Additionally, the project experienced technical issues with multiple components within an instrument that will search for organics and minerals that have been altered by water, which have negatively affected the instrument’s cost and schedule. To mitigate these challenges, the project allocated additional reserves and brought on additional expertise. Further, the project is utilizing existing SCS development models rather than build new ones to reduce cost and schedule risk.

Design

The Mars 2020 project held its critical design review before it had a stable design, which increases the project’s risk of cost growth and schedule delays during the integration and test phase. At this review, the project released about 72 percent of design drawings, which is less than the best practice of releasing 90 percent of design drawings at this review.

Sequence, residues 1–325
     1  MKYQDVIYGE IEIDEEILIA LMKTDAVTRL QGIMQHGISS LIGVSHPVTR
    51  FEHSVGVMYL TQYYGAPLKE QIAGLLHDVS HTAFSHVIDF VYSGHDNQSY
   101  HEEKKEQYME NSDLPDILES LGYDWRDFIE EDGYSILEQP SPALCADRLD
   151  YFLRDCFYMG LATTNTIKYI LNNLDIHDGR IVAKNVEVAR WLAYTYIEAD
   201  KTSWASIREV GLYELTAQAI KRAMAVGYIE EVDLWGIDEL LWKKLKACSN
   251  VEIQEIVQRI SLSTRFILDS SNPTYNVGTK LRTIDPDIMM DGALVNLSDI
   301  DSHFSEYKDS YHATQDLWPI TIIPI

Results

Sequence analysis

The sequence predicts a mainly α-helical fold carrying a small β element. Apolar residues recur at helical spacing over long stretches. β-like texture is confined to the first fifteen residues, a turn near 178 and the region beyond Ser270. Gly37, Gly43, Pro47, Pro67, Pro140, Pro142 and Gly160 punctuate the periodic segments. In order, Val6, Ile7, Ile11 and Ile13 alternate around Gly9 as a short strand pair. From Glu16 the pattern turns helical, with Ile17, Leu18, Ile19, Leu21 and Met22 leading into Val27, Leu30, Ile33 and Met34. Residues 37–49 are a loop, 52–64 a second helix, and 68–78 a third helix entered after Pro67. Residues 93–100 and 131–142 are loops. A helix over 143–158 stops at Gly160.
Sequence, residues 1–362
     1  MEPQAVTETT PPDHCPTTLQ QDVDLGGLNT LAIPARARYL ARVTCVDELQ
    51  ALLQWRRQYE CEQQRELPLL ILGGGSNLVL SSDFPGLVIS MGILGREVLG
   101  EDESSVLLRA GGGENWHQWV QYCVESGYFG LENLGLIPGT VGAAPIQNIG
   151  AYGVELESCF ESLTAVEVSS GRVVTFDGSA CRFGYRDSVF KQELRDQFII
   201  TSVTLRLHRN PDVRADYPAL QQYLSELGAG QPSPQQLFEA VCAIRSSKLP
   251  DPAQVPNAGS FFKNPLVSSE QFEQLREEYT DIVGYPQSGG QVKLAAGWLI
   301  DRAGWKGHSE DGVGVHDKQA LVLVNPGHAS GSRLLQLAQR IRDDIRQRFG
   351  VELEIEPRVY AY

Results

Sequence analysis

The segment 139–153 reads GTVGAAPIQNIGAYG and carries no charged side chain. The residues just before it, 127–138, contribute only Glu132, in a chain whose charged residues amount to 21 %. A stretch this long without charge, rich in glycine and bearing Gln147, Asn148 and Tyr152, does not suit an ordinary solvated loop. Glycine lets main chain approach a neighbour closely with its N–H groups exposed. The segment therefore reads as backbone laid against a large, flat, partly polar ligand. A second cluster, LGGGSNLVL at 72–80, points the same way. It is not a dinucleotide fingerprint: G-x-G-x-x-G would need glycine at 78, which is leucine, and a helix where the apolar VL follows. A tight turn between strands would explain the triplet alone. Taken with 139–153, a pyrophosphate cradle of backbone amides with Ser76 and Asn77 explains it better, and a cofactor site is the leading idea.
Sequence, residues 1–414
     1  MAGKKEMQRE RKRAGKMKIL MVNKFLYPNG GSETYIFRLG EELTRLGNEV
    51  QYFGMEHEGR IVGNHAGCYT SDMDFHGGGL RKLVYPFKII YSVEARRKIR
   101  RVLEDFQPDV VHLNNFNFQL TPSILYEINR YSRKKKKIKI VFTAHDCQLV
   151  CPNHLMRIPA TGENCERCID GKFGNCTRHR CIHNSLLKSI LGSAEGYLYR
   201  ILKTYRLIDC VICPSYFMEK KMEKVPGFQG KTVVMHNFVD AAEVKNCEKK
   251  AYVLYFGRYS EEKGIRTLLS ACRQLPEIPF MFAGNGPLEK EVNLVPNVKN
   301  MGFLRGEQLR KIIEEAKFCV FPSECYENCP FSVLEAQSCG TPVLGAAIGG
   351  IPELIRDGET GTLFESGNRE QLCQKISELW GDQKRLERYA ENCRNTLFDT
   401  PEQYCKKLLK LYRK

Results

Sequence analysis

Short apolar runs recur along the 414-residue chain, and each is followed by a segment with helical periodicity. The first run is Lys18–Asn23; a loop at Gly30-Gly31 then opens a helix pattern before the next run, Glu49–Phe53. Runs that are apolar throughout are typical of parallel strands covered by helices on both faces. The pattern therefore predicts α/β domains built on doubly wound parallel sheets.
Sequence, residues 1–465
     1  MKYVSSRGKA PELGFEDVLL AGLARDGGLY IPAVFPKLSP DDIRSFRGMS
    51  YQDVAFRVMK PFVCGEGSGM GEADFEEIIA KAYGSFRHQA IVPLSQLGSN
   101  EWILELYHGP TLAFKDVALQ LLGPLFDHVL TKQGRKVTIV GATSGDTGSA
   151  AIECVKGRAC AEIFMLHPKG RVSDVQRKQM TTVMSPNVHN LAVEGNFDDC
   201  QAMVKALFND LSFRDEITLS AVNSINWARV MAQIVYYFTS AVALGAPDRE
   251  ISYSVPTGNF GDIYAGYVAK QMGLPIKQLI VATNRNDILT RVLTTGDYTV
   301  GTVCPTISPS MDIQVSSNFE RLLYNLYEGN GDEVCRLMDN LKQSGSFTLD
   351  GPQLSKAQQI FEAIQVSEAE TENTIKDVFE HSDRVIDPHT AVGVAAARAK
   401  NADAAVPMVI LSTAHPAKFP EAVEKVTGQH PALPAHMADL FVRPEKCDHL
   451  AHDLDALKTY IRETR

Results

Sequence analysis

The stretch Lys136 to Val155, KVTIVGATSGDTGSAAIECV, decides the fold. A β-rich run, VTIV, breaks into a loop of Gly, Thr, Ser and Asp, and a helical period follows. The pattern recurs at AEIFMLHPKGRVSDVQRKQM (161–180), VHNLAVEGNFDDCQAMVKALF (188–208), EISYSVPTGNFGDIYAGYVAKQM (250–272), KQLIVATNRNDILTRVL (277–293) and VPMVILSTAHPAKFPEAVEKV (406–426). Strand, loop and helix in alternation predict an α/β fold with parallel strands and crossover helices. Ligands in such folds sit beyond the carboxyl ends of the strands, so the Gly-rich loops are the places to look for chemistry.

Project officials stated that they held the design review earlier than normal to avoid delaying progress on the development of heritage technologies, which make up a large percentage of the rover. As a result of holding the review early, new and highly complex developments, such as the SCS, were not stable at the time of the design review. The unstable design contributed to delays in fabricating parts for the SCS engineering unit. As a result, the project reduced the number of engineering models it will build to help meet schedule.